Vietnam2

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Vietnam2 - Lack Of Copters Slow Marines In Vietnam War DA...
Lack Of Copters Slow Marines In Vietnam War DA NANG, South Vietnam (UP!)--In Vietnam, Marines are not Marines in I h e j traditional sense. They fight i n j the mountains, not on t h e j beach. They travel to the front in helicopters, not on ships. This has altered the concept cf typical Marine warfare. The 85,000 Leathernecks in Vietnam operate more like Air Cavalrymen than Marines, and this has raised a problem. To fight effectively as a mobile, flexible force, a unit in Vietnam.must be equipped with enough helicopters so that its freedom of movement is not restricted. The Marines don't have this luxury. Lt. Gen. Robert Cushman Jr., termer Marine commander in Vietnam, echoed the sentiments of most ccmmanders when he said recently he regretted not being able to get more helicopters for the Marines. SUPPORT The two Marine divisions in ' Vietnam draw their air support from the 1st Marine Wing in Da Nang. The wing also supports the Korean Marine brigade and elements of the 1st South Vietnamese Division. At least 100,000 troops are choppers, about CO of which are grounded for repairs and maintenance on any given day. By comparison, the Army's 1st Air Cavalry Division operates 449 helicopters for its 17,000 troops. "We couldn't survive without the magnificent job the wing does," said Brig. Gen. Frank Garretson, deputy commander of the 3rd Marine Division. "But it's no secret we need more helicopters to support our method of operation in the mountains." DIVISION The division has moved in and out of 50 fire support bases and utilized at least 120 landing zones in the past six months. The commander, Maj. Gen. Raymond Davis, says he wants a base on each hilltop in Quang Tri Province. At last count, had carved 700. | Less than two dozen usually are in use at any one time. :heir mere presence combined with Davis' penchant for rapid deployment dictates a depen- j dence on helicopter movement.' Often it is a sensitive requirement. One day recently, the air supported by 10 Army choppers carried 2,000 Marines from the mountains to end one operation and placed 1,500 Marines into another region to launch a one. Tons of artillery, communications equipment and supplies also had to be transported. COMPANIES The last two Marine companies were lifted out of Operation Dewey Canyon in the A Shav Valley minutes before darkness would have made the mission all but impossible. To have left them in the area overnight without their artillery would j have invited attack. The operation itself would have been considered too risky to try just a tew years ago, commanders said. It was conducted in an area so isolated that not a vehicle was used within 25 miles of the Marines' positions. Ail troops-16,000 ol them during six weeks--and 2,700 of cargo were moved by helicopter. Pilots logged 3,690 flight hours while flying seven days a week, often 10 to 12 hours a day. INCREASE With the talk now centered trocp withdrawals, commanders doubt that any substantial increase in Marine helicopters will be forthcoming. Twenty- powerful CH53DSea Stallions are scheduled for delivery toj the Marines this year, but will replace older model's. Ironically, the Marine command in Vietnam is known the 3rd Marine Amphibious Force. With lew exceptions, however, the word amphibious has become an anachronism this war.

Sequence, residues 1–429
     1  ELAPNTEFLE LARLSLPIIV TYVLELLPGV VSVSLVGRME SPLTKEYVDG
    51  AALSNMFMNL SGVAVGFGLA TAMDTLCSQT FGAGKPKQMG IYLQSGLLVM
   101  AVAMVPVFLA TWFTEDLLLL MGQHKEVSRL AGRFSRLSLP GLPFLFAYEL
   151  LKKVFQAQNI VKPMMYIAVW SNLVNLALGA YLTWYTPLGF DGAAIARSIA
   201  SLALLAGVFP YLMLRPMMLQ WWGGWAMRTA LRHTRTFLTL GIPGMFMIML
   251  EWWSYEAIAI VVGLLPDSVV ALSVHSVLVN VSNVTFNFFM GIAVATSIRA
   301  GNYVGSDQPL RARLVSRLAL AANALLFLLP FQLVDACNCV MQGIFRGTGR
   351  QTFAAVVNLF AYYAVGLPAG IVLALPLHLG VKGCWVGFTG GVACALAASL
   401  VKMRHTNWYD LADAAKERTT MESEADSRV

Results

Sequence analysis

Clipped from
  1. The Argus,
  2. 05 Apr 1969, Sat,
  3. Page 21

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